1970 – 1980: Geoffrey Thompson became managing director in 1976 and added exciting iconic rides including the Steeplechase, opened by the racehorse Red Rum in 1977. Two years later, Europe’s first 360-degree looping coaster, the Revolution, opened to huge acclaim.

1980 – 1990: In 1988, the year the British bobsleigh team were competing in the Winter Olympics, a dazzling new ride, the Avalanche, opened and carried more than a million passengers during the first year. It was the first, and as of 2020, remains, the only bobsleigh rollercoaster in the UK.

1990 – 2000: Geoffrey Thompson’s reign saw an investment of £12m for the world’s tallest and fastest rollercoaster at the time – the Pepsi Max Big One– which opened in 1994.

At 235ft tall, The Big One changed the skyline of Blackpool’s seafront. Also the exterior of the grounds were redesigned and a brand new Edwardian style cosmopolitan shopping complex, Ocean Boulevard, was created along the Promenade.

In 1997 and 1998, in another UK first, the £2 million Ice Blast was constructed which catapults riders 210 feet vertically into the air. In 1998 The Globe Theatre opened, featuring the famed Eclipse show starring Vladimir.

2000 and beyond: In 2000 £15 million was invested in the Viking themed Valhalla. This thrilling new ride was hailed as the biggest, most spectacular dark ride ever to be constructed by mankind. In 2003 The Big Blue Hotel opened in May and also saw the 100th birthday of our Chairman, Mrs L.D. Thompson!

2004: A sad year as Mrs LD Thompson, MBE JP and Geoffrey Thompson OBE passed away. Amanda Thompson OBE became managing director and invested £5m in the park with re-theming and refurbishment. A further £8m was invested in 2007 with the opening of Infusion, the world’s first rollercoaster suspended entirely over water.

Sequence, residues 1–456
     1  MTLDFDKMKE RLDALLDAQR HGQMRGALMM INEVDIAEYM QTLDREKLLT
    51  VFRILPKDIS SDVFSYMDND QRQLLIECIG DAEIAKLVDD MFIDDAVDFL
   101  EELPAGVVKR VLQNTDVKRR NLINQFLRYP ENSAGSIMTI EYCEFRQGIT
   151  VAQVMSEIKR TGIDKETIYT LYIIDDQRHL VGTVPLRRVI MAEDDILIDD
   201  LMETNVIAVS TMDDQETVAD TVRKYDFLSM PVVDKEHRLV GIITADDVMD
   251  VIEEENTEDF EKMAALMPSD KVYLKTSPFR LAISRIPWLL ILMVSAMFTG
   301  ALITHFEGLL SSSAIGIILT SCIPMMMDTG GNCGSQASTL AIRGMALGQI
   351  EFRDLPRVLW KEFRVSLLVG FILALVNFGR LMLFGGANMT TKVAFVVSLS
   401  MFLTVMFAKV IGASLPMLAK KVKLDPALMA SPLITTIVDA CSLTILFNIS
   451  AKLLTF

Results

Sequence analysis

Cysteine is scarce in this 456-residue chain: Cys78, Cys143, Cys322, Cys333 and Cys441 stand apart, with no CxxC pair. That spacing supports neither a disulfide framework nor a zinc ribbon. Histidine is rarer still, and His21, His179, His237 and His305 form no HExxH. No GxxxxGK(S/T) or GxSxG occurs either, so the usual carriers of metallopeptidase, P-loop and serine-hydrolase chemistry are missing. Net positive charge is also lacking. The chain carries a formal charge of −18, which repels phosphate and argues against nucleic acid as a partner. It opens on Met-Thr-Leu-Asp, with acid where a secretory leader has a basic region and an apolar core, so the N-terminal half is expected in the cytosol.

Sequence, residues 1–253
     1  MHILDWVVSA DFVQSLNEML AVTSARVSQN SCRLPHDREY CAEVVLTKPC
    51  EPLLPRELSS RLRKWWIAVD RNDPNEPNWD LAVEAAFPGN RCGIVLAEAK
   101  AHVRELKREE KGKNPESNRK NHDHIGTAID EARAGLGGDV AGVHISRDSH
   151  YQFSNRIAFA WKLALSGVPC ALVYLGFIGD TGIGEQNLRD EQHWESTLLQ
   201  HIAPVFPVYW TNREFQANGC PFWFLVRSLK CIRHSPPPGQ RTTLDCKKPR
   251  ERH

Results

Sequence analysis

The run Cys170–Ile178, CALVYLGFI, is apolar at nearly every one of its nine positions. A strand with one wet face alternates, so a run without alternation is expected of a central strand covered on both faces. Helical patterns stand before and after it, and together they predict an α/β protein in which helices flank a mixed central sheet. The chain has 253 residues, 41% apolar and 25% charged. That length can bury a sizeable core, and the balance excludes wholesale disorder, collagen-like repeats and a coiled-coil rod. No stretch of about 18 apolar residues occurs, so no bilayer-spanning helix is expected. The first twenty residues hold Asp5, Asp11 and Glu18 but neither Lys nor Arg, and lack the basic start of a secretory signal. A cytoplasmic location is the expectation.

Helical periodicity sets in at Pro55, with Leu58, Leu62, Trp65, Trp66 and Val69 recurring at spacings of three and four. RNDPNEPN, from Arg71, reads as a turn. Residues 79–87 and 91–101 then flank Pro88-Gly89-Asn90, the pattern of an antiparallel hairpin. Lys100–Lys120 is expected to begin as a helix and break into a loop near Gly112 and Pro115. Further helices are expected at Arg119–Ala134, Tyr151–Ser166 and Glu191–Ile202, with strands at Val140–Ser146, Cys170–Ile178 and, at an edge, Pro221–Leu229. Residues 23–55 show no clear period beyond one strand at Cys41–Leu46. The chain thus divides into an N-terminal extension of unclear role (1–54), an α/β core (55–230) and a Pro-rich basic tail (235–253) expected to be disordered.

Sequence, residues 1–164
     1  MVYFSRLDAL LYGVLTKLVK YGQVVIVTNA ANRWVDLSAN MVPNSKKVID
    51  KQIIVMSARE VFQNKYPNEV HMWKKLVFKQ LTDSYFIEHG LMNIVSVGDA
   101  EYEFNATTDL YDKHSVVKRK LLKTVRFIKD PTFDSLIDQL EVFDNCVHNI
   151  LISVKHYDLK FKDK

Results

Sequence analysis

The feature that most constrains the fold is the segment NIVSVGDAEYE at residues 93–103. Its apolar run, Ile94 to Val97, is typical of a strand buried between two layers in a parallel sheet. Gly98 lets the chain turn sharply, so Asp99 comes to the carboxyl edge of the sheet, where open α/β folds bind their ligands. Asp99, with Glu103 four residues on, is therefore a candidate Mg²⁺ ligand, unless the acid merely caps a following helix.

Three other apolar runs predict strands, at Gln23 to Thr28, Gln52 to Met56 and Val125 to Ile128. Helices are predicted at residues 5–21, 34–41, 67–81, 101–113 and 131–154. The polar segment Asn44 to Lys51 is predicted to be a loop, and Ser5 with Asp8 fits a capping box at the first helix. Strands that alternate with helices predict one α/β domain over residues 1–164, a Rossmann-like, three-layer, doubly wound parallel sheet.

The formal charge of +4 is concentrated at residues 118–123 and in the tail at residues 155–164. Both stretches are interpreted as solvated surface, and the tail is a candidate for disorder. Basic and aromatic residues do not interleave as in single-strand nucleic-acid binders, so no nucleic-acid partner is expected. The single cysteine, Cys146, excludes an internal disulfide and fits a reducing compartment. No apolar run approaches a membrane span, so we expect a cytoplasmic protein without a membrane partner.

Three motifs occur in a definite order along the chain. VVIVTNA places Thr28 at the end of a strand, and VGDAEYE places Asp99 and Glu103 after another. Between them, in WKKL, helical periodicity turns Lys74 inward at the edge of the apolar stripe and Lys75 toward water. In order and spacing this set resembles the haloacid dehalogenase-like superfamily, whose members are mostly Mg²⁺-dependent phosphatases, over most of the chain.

2011: A £10.3m investment was made in 2011 to bring the UK’s only Nickelodeon Land to a six acre site in the Pleasure Beach.

2012: Amanda Thompson was awarded the OBE for her services to tourism.

2013: The new £3.35m Wallace and Gromit Thrill-O-Matic opened. The Big Dipper celebrated its 90th birthday as well. The 72ft high white-knuckle ride, Red Arrows Skyforce opened.

2016: A year of celebrations as Blackpool Pleasure Beach marks its 120th year of fun and Hot Ice celebrated its 80th anniversary of spectacular ice shows.

2017: After five years of planning, work commenced on an exciting new project, code named ‘Construction 2018’.

This new ride was to be the UK’s first double launch rollercoaster and represented a huge investment of £16.25m. ICON opened in 2018 and is a firm favourite.

The £12m Boulevard Hotel opened in 2019 with 120 stylish rooms with views of the seafront or park, a 90-seat restaurant and state-of-the-art conference facilities.

As part of this year’s celebrations, the company will be creating a wall in the park to mark this special milestone in their history.

One of the merchandising opportunities will be to have your very own brick that will be placed in the anniversary wall.

l With thanks to Nick Moore, Visit Blackpool, Blackpool Pleasure Beach Marketing & archive department for all the extra information.